Michigan v Syracuse

Hold on to your hats, it’s Louisville vs. Michigan on Monday!

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No Cinderellas in the title game this year. It’s going to be all Big Time, all the way.

Let’s recap:

Rick Pitino is one of the most well-known college basketball coaches in the nation. He’s on his way into the hall of fame, his horse just punched its ticket to the Kentucky Derby, and his son was just hired to be the head coach at Minnesota. If it weren’t for that whole “player suffering a horrifying leg injury on live TV” thing, you’d think the elder Coach Pitino is living a truly charmed life right now.

John Beilein may not have as much obvious personal success going for him as Pitino, but check out his roster and you know fortune has smiled on him. He’s got the sons of NBA players like Tim Hardaway, Tito Horford and Glenn Robinson ready to go, alongside Player of the Year Trey Burke and some tall guy named Mitch McGary who seems to have blossomed of late.

MORE: The agony of Wichita State’s missed chance

Finding storylines in Atlanta will be like shooting fish in a barrel, so let’s take a brief look at the down and dirty of the matchups.

Frontcourt: Louisville has Gorgui Dieng (10.2 points, 2.5 blocks per game), Chane Behanan (9.6 ppg) and Wayne Blackshear (7.6 ppg) going up against Glenn Robinson III (11 ppg) and Mitch McGary (7.4 ppg, 6.2 rpg). In the Final Four, Michigan’s starting frontcourt showed a more deft scoring touch, and if McGary keeps playing the way he has over the past two games, this matchup tilts easily in Michigan’s favor. Dieng’s shot-blocking prowess would seem to be a factor until you consider that McGary handled Jeff Withey just fine in the Sweet Sixteen.

MORE: How McGary moved Michigan to the title game

Backcourt: Here’s where the real fireworks happen. Burke vs. Siva is an intriguing point guard matchup, as we all will watch breathlessly to see if the basket-challenged Siva can put the clamps on premium scorer Burke. Tim Hardaway, Jr. going up against the lightning-quick Russ Smith will be something to see, as well. Things get a bit murkier on the wing, where Nik Stauskas may see more of Luke Hancock instead of Blackshear. If Smith can keep from doing anything too Russdiculous, this one is close.

Bench: Spike Albrecht and Caris LeVert have put in important minutes for Michigan, and held their own pretty well. Louisville, on the other hand, has a couple of guys who have gone off recently, in Montrezl Harrell and Luke Hancock. Now, Hancock played 31 minutes in Atlanta already, so his bench status is a bit of a technicality on some nights, but we have to give the edge to the Cards.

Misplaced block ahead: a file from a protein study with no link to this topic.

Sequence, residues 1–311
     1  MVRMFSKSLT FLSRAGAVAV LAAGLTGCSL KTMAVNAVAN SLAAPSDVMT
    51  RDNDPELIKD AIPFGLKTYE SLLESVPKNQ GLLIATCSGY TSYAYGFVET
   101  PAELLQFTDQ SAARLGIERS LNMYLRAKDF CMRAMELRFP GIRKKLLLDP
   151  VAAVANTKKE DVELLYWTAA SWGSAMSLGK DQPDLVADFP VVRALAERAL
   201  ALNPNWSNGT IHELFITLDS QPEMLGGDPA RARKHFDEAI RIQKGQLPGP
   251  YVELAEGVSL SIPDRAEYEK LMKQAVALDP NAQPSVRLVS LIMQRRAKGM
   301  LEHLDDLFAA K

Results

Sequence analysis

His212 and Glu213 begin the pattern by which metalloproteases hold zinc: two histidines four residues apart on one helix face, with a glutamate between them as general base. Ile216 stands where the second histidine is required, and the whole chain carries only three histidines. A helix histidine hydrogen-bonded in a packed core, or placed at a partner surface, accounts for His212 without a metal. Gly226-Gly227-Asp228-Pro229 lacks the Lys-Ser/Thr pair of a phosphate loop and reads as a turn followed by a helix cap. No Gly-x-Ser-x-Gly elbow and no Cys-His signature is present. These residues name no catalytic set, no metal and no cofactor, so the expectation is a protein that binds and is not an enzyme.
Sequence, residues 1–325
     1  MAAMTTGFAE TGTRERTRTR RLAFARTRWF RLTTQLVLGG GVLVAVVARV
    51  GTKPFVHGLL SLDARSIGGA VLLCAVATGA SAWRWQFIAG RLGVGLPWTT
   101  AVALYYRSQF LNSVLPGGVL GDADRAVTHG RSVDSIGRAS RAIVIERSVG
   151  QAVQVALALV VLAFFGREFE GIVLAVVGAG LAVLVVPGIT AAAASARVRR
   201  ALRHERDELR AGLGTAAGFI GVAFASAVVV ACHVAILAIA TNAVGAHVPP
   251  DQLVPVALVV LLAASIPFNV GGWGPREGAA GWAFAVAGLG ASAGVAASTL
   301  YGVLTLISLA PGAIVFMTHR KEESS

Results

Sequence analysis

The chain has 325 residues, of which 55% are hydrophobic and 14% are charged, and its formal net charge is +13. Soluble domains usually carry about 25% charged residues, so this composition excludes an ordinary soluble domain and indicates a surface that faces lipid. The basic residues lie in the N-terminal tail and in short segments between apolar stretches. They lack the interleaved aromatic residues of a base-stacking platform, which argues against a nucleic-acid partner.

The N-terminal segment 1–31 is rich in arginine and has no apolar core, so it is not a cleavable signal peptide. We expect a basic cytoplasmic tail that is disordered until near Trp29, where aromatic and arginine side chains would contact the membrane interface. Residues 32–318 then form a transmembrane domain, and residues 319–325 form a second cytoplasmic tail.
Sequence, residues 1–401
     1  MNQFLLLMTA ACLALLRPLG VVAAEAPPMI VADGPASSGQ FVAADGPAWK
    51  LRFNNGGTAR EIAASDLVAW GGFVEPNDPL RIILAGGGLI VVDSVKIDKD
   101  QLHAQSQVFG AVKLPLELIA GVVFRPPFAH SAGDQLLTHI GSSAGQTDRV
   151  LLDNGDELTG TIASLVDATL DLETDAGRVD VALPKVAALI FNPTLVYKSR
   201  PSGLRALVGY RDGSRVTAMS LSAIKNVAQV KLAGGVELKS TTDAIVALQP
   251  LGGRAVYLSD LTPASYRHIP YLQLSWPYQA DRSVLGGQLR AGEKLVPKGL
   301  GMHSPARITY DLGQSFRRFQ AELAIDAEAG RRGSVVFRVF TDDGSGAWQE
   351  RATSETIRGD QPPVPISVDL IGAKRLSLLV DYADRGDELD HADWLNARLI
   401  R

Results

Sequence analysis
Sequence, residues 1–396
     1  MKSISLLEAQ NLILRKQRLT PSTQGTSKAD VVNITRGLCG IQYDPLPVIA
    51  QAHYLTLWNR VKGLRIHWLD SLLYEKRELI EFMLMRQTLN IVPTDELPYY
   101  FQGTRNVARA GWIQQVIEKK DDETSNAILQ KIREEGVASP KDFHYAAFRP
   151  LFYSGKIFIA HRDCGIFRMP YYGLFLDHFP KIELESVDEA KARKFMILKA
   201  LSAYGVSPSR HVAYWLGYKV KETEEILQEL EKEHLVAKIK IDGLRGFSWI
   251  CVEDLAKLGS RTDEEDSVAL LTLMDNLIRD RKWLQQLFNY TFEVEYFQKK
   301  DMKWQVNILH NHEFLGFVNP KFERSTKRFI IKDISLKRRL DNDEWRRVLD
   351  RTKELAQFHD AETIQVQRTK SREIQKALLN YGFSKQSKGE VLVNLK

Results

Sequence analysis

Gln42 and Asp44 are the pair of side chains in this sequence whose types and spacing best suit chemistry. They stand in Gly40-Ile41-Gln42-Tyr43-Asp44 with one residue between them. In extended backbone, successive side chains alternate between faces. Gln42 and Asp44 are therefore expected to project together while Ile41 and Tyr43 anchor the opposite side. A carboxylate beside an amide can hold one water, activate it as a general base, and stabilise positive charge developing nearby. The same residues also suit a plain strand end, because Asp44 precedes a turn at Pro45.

On sheer talent, this is Michigan’s game. On experience and coaching savvy, it’s Louisville all the way.

MORE: Louisville’s unsung heroes thwart Shockers

In terms of style, Michigan has shown an ability to play at any speed. The Wolverines wrecked VCU, which plays a style very similar to what Louisville does, and they’ve run with Kansas, banged with Florida and carved up the Syracuse zone. Louisville has won 15 straight and seems to be able to force the tempo of the game to their own pace. That’s where the true yin-yang of this whole final coalesces. Fortunately, I don’t know which style will win – not knowing is what makes it so intriguing.

Hold on to your hats (especially you, Tim Hardaway, Sr.!) this is going to be an epic title game.

Eric Angevine is the editor of Storming the Floor. He tweets @stfhoops.

Illinois State ends No. 21 Wichita State’s 12-game win streak

Fred VanVleet
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Having won 12 straight games, No. 21 Wichita State entered the weekend one of the hottest teams in the country. And with a four-game lead atop the Missouri Valley standings, clinching the regular season title was more a matter of “when” as opposed to “if.” But none of that mattered Saturday night at Illinois State, as the Redbirds managed to hand the Shockers their first conference loss by the final score of 58-53.